Sharing food is a central act in life. It has a power that extends beyond providing for nutrition and physical survival. The offering of bread is central to so many of the world’s religious celebrations’ it obviously feeds the soul along with the body. There is a healing power in these food traditions which is rooted in the heart of community.

Getting news of a friend’s breast cancer diagnosis sets the mind racing, wondering how best to support her and her family during upcoming treatment. It is only natural that your mind would settle on the idea of meal preparation as the most immediate of physical helps for a family going through the challenges of illness. However, now more than ever and with the patient and family under this new strain, it is important to keep lines of communication open to make sure that you are truly helpful and not otherwise.

A few thoughtful considerations can go a long way in ensuring that you will be welcomed when you ring her doorbell or step in through the back door over the next few months. Before automatically assuming that your cooking is what she wants, be direct and ask her family. Sometimes there is a family member who already does that job and finds comfort in the task. You certainly would not want to try to disrupt this. Maybe in that case your friend would prefer knowing that you could help with laundry or cleaning on some scheduled basis. These tasks are often overlooked by individuals hoping to help.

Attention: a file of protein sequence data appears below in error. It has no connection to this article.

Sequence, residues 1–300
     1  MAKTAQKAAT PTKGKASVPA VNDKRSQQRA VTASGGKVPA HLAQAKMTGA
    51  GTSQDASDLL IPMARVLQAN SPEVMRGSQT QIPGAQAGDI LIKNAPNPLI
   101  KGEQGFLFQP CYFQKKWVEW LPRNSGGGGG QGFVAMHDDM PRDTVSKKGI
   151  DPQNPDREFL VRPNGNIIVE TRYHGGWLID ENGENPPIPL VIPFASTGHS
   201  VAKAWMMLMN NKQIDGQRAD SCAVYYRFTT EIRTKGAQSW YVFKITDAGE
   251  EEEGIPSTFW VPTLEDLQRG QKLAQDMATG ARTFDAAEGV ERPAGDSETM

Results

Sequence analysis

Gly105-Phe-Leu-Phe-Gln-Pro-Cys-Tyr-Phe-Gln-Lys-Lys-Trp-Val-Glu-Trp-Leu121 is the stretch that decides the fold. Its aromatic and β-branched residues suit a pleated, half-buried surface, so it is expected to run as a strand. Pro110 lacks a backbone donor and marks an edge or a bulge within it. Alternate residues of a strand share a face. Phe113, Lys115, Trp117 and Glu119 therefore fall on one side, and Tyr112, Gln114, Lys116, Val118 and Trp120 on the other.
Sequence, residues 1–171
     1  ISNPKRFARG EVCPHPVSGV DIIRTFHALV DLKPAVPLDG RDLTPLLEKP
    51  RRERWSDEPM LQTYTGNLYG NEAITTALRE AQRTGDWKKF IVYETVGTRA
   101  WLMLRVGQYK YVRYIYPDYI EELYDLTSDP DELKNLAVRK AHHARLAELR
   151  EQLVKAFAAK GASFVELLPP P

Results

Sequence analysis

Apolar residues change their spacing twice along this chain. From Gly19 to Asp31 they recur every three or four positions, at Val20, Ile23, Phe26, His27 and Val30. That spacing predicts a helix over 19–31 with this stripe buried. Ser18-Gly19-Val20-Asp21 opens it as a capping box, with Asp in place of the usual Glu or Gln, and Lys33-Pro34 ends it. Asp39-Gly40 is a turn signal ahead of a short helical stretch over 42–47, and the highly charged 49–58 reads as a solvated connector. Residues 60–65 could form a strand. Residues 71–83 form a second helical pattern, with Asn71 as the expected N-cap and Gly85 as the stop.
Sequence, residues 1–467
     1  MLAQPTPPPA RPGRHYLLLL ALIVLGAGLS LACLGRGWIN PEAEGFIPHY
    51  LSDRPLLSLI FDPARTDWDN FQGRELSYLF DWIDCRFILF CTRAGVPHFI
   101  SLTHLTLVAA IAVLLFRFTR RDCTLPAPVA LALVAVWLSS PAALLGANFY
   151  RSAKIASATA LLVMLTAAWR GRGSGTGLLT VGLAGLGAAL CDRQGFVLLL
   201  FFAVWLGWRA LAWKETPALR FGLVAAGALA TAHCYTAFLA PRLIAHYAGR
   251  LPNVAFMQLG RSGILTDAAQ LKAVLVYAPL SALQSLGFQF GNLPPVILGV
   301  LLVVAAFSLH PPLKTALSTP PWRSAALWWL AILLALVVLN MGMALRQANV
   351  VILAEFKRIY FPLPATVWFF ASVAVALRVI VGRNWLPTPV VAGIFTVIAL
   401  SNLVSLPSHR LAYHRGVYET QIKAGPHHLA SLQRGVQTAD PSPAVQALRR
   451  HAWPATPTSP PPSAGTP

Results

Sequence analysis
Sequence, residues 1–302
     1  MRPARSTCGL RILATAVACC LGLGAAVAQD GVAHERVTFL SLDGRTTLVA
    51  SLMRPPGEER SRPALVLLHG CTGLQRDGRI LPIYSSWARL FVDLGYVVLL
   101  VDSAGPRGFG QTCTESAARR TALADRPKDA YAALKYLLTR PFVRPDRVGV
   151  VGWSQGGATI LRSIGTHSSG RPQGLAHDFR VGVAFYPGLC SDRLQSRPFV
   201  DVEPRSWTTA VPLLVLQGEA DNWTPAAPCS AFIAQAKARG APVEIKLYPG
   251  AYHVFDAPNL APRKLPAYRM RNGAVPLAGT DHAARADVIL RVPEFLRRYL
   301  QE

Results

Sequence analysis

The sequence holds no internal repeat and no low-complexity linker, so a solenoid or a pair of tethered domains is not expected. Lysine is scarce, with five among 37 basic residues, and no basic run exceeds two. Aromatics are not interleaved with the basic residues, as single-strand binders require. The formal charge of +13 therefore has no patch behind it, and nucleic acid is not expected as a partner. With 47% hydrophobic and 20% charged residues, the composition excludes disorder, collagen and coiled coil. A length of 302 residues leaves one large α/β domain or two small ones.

If meal provision still appears a viable way to really contribute, ask your friend or her spouse to be up front about food preferences and allergies. Perhaps they can name some favorite dishes or recipes the family would enjoy. Ask what days of the week would be best for delivery of hot meals. Avoid cooking rich foods that would cause the family to suffer from the same after affects of being on a cruise liner. Remember to respect the dietary guidelines of vegetarians or religious dictates.

Deliver meals in non-returnable containers. Individual sized servings pre-wrapped for the freezer is often a good idea for a family that must stay on the go while Mom is not up to par. Keep in mind that the breast cancer patient is going to have her dietary ups and downs in response to her treatment and plan to inquire about these along the way so that you can add some special accommodations for her as necessary.

To make the task easier for yourself, enlist mutual friends in coordinating a cooking and delivery schedule with you, a communal sharing of effort and expense. Helping stock the freezer with dishes of self-contained meals may be the right way to go for both the casserole brigade and your friend. Don’t forget to let the family know that under no circumstances are they to be burdened by writing Thank You notes. Tell them that the best thanks you could ever hope to receive is their well-being.